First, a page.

A winter sports policy allows you to enjoy a range of winter activities, knowing you have the right level of cover in place.
What’s not covered by winter sports insurance?
If you’re into more extreme winter sports, you may find you need to pay for extra cover or find a specialist insurance provider to give you the right level of protection.
Extreme winter sports typically include:
- off-piste skiing and snowboarding
- glacier climbing
- snow kiting
- competitive skiing and snowboarding
Some insurance providers will require you to wear a helmet, otherwise your policy will be invalid.
And, typically, insurance providers will refuse to pay out if an accident happens while you’re under the influence of alcohol or drugs.
Will an EHIC or GHIC cover me for winter sports in Europe?
If you’re travelling to a winter resort in an EU country, make sure you have a valid European Health Insurance Card (EHIC) or Global Health Insurance Card (GHIC). This should be in addition to your travel insurance, not instead of it.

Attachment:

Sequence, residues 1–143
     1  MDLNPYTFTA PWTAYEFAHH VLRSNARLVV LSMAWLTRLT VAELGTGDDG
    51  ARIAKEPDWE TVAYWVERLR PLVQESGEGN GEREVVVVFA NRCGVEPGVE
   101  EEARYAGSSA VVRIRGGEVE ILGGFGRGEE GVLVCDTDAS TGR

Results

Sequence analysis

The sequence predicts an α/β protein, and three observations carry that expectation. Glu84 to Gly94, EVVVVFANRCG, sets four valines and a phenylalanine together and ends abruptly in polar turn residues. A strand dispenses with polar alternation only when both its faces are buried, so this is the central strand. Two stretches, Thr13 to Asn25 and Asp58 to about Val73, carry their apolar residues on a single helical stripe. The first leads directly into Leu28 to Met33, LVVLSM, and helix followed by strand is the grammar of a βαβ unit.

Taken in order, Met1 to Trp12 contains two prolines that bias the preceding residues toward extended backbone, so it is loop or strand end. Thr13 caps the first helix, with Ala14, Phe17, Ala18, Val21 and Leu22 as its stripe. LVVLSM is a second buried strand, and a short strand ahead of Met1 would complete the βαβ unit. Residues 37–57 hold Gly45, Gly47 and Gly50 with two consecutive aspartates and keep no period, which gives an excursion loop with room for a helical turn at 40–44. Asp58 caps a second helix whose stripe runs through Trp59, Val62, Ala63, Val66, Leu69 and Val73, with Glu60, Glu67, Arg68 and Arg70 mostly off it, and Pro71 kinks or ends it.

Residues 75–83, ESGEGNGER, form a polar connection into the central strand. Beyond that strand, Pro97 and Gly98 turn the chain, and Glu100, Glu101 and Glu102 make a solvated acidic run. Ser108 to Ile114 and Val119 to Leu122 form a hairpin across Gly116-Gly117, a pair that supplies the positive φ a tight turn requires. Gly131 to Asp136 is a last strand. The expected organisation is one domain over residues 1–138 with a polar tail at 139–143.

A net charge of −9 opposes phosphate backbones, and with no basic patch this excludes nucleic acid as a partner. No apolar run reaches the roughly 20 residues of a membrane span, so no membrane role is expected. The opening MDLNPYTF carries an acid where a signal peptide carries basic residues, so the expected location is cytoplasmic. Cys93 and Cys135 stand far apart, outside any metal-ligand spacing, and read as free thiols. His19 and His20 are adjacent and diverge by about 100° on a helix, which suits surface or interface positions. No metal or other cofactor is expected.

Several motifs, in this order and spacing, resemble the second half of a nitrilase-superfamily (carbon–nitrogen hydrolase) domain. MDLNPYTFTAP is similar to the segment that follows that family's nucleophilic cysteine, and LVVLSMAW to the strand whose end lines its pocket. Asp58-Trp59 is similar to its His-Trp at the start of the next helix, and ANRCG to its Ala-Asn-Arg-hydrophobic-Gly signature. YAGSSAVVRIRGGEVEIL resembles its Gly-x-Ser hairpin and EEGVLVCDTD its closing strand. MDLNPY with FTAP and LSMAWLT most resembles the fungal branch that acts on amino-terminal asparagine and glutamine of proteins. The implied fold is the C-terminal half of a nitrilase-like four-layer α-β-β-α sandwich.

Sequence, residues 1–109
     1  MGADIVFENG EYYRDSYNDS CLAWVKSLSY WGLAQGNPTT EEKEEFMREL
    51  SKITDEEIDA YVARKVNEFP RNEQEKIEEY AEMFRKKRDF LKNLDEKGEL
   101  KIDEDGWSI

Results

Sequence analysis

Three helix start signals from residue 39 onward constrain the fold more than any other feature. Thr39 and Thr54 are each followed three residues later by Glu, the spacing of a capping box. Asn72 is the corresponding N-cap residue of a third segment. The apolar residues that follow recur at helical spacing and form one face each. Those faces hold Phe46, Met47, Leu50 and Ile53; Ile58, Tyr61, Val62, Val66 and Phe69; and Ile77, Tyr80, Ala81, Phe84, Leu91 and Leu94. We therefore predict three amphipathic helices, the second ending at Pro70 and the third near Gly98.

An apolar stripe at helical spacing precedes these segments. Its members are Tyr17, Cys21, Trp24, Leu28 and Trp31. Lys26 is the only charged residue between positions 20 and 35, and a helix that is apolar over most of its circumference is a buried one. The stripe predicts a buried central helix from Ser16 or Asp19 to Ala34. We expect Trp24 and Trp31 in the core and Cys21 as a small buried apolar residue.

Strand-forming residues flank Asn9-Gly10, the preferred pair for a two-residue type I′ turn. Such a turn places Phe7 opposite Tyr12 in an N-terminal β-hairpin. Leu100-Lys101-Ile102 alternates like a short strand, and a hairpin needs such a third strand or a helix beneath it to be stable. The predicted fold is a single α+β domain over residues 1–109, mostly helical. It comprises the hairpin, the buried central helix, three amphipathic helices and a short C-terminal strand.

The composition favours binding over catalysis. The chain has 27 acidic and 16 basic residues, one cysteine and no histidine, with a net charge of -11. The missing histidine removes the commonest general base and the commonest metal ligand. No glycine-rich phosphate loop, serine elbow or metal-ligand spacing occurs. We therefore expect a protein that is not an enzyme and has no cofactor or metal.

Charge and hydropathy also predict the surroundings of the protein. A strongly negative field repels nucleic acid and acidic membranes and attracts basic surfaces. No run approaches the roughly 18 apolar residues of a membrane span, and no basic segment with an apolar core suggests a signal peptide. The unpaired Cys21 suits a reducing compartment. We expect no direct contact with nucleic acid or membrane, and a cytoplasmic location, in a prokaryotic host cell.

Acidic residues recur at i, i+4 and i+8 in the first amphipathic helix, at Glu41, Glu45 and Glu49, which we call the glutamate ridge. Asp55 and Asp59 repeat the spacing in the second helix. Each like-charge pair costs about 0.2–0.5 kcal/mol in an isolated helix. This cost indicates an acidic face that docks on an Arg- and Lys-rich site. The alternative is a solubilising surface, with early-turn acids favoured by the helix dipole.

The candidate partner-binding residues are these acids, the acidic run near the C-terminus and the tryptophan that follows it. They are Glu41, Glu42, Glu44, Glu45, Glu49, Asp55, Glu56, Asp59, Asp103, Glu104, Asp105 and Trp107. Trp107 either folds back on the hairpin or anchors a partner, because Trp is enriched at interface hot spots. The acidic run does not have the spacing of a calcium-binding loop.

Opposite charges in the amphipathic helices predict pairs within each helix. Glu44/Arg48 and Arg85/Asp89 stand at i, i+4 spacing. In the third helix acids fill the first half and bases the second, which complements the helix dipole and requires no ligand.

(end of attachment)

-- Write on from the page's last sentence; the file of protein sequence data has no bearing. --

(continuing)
The EHIC/GHIC will cover emergency medical treatment in a local public hospital, but it won’t cover the following costs:
- mountain rescues
- private treatment
- repatriation if you need to be flown home.
Now that the UK has left the EU, you’ll no longer be able to apply for an EHIC. But if you already have one issued before the end of 2020, then it will still be valid until the expiry date.
The UK government has introduced the GHIC to replace the EHIC. If you don’t have an EHIC or once your EHIC expires, you can apply for a GHIC. It should arrive within 10 days. The GHIC will offer the same cover as the EHIC did in EU countries.
If you’re planning an adrenaline-filled adventure to the slopes of Switzerland, Norway or Iceland, which aren’t in the EU, you’ll need winter sports travel insurance with adequate healthcare cover.
Frequently asked questions
What destinations does winter sports insurance cover?